On this front line of the standoff between
China and Taiwan, Cold War tensions are being trumped by the
Chinese crested tern.
Taiwan has cut back its annual military exercises on the islands
of Matsu, just off the mainland Chinese coast, to give the birds
some peace during their breeding season.
It's just one of many vivid signs that China and Taiwan have
found a peace of sorts after decades of angry confrontation.
Another indication is the tourists from Taiwan and China who pour
into Matsu and discover that despite 60 years of separation and
lots of mutually hostile propaganda, they get along fine.
Matsu, a cluster of 36 tiny islands, was regularly shelled in
the 1950s and 1960s from the Chinese mainland just a few miles
away. Now, with tensions at their lowest since China went communist
in 1949 and Taiwan broke away to join the Western camp, those days
are a distant memory.
Taiwan used to designate the islands as part of its "Great Wall
over the Taiwan Strait," dedicated to fending off a Chinese
attack, and some of the islands, one of them just a kilometer (half
a mile) from the Chinese coast, have armed troops, missile defenses
and mock battles.
But in the benign language of today, government tourist
brochures portray Matsu as "a string of loosened pearls."
Since 2001, islanders and their immediate Chinese neighbors have
been able to take the 90-minute boat ride between the Chinese port
of Mawei and the Matsu town of Nankan, allowing people with the
same ancestry to reunite after generations of estrangement. Now any
Chinese or Taiwanese can make the trip.
In the late 1950s, Matsu and another archipelago called Quemoy
took their places alongside Berlin or Korea on the international
map of Cold War flash points. The U.S. sent the 7th Fleet to the
Taiwan Strait to protect Taiwan, and the fate of Quemoy and Matsu
were hot topics in the 1960 Nixon-Kennedy presidential race.
China has always claimed Taiwan as a breakaway province, to be
recovered by force if necessary. Taiwan's ruling Nationalist Party
agrees it's Chinese, but says unification - the merger of its
free-market democracy into China's one-party system - is a distant
Since Taiwanese elected Ma Ying-jeou as president 13 months ago
on his promise to improve ties with China, the islands have been
opened to all mainlanders and Taiwanese, and Matsu officials expect
120,000 visitors this year, triple the 2008 figure.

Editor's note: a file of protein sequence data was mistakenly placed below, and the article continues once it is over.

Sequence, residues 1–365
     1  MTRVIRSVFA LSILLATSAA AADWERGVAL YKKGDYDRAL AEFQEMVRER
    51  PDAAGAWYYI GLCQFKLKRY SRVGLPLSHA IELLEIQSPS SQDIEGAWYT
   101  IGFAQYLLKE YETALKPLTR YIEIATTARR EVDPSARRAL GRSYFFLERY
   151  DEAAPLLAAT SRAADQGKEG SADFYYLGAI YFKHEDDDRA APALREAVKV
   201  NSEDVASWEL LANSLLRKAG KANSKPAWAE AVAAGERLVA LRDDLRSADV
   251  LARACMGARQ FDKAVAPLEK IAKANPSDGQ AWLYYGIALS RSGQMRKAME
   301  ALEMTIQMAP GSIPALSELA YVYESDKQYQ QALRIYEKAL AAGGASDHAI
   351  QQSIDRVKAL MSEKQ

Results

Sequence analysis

Still, on Dong Yin, the most fortified islet, a martial
atmosphere abides - holes cut into a granite cliff to store
cannons, sniper portals in a tunnel wall.
On a clear day, military officers say, they can see China's
coastal lowlands through their binoculars. "We won't launch an
attack, but are prepared to confront the missiles if the communists
fire them or if their navy vessels get too close," said Lt. Col.
The troops can also spot the Chinese crested tern perching on
coral reefs or skimming across the water.
Long thought extinct, the black-and-white bird was rediscovered
in 2000 in Matsu and nearby areas of China. Authorities have since
demarcated several sanctuaries.
"April to September is the breeding season for the birds so we
try not to disturb them," says Col. Hsu Wen-ming.
On Dong Yin, military facilities are closed to civilians but the
rest of it, with its white 19th century lighthouse and towering
cliffs, is open to tourists.
On nearby Nankan, visitors tour a network of tunnels used during
the Cold War to store rubber landing rafts, armored cars and other
war material. Today Tunnel 88 smells of a famed sorghum liquor
being distilled in the coolness.
Lin Shan-ching ferries some 200 passengers a day between islands
on his speedboat.
Lin's parents came from Changle, then a small town on the
Chinese side. They happened to be in Matsu on business in 1949 and
were stranded there when fighting broke out.
"The civil war forced families to live in separate places but
the authorities could not sever the bonds of kinship," he said.
"I'm glad those tense years are over." As his boat docks at
Nankan, the sun casts a red glow on a decorative stone engraved
with the wartime slogan, "Weapon at the ready all through the
night." The disembarking passengers barely give it a glance.